STR’s Jan Freitag wrote a really interesting blog this week discussing the implications of this increase, which he says is a clear indicator that developers are eager to get back into the game after sitting on the sidelines for 36 months.
The bad news for hoteliers, of course, is that after a few years of virtually no new supply, the market’s about to get a lot more crowded.
“For the next few years, (average-daily-rate) growth is expected to continue to drive (revenue-per-available-room) growth. As new supply projects hit the pipeline and then open, supply growth could outpace demand growth, and then occupancies would decline and pricing power could ebb,” Freitag writes.
Stat of the week II:
1,000: Number of hotel projects (not rooms) 7 Days Group Holding Limited has in its China portfolio right now. I realize company pipelines are often inflated, but that’s still a mind-boggling number that speaks as much to the ambition of the company, which already has 376 properties in its domestic-only portfolio, as it does the opportunity in China.
Quote of the week:
“We don’t make these decisions in a little ivory tower.”
—Wyndham president and CEO Eric Danziger, defending allegations that the major hotel chains institute brand standards without first surveying owners and franchisees, during a heated general session at the Asian American Hotel Owners Association conference.
The brand executive panel at the AAHOA conference is always interesting, as the association skewers hotel chain leaders, asking them pointed questions in front of thousands of very vocal members. There’s nothing like it in the industry, quite honestly—with regards to both the heated rhetoric and candid responses from executives.
And while I understand AAHOA’s aim to champion the rights of its members, I think the angle here is starting to skew toward an unnecessary extreme. Brand standards are not inherently evil, and presenting this annual panel as an inquisition every year does a disservice to the association’s members. For every AAHOA member who bemoans what he or she sees as an “unnecessary” new standard, there is likely another member who is diligently maintaining his asset and deserves to have his or her brand equity remain intact. The only way to do that is to ensure consistent quality across the portfolio.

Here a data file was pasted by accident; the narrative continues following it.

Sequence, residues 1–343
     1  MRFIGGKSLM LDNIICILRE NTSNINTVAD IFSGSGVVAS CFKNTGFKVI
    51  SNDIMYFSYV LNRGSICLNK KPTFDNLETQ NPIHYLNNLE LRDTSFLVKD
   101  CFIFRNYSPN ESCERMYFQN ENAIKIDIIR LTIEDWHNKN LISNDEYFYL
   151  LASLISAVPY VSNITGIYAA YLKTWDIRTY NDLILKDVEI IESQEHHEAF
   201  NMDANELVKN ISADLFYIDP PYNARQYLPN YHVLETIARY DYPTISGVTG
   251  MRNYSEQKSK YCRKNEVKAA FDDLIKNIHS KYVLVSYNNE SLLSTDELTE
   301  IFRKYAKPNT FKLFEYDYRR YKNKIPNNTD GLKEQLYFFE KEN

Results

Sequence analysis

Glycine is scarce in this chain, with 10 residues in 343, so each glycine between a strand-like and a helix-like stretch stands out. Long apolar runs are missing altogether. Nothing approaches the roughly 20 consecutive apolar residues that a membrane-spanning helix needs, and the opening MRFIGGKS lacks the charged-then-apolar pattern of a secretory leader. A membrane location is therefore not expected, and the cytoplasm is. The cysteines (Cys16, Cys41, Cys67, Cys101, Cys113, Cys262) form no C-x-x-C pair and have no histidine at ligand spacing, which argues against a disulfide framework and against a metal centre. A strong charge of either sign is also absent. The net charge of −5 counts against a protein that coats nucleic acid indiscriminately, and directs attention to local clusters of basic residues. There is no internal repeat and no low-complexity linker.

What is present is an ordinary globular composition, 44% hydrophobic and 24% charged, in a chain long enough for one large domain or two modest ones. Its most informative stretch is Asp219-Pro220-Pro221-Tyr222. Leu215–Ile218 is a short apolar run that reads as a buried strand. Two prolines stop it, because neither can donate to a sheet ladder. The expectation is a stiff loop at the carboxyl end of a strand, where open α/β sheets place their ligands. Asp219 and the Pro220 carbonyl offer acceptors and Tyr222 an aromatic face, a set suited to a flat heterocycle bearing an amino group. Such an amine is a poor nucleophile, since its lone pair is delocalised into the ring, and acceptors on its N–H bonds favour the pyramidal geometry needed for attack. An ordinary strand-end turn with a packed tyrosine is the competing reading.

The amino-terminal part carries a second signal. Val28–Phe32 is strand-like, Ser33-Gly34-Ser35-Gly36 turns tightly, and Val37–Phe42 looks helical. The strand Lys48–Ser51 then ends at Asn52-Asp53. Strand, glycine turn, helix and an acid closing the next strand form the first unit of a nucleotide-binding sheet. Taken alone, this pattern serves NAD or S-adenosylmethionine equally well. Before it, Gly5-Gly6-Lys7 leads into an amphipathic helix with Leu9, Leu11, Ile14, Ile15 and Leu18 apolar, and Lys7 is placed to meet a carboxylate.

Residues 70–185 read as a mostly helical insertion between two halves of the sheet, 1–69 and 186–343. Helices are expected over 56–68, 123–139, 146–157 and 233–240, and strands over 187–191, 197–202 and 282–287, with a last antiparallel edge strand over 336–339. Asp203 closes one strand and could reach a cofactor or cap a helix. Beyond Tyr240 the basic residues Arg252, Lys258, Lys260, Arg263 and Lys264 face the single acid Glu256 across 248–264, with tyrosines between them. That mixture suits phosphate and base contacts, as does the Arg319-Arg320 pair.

If I were running the show, I’d still keep most of the hard questions. Brand executives should be forced to defend their initiatives every now and again, especially when there’s a cost to franchisees. But I’d also ask owners about the importance of brand equity and what they’re doing to ensure value to franchisees.
|(From left) Wyndham’s Eric Danziger and Marriott’s Liam Brown were grilled by panel moderator Robert Zarco.
Comment of the week:
“This association always has been the Hatfields and McCoys. It goes with the territory.”
—Commentor “asianamerican” discussing the highly politicized nature of AAHOA, which some prominent Asian-American hotel executives said will hurt the success of the association in the long run, as reported in “Leaders voice concerns over future of AAHOA.”
Email Patrick Mayock or find him on Twitter.
The opinions expressed in this blog do not necessarily reflect the opinions of HotelNewsNow.com or its parent company, Smith Travel Research and its affiliated companies. Bloggers published on this site are given the freedom to express views that may be controversial, but our goal is to provoke thought and constructive discussion within our reader community. Please feel free to comment or contact an editor with any questions or concerns.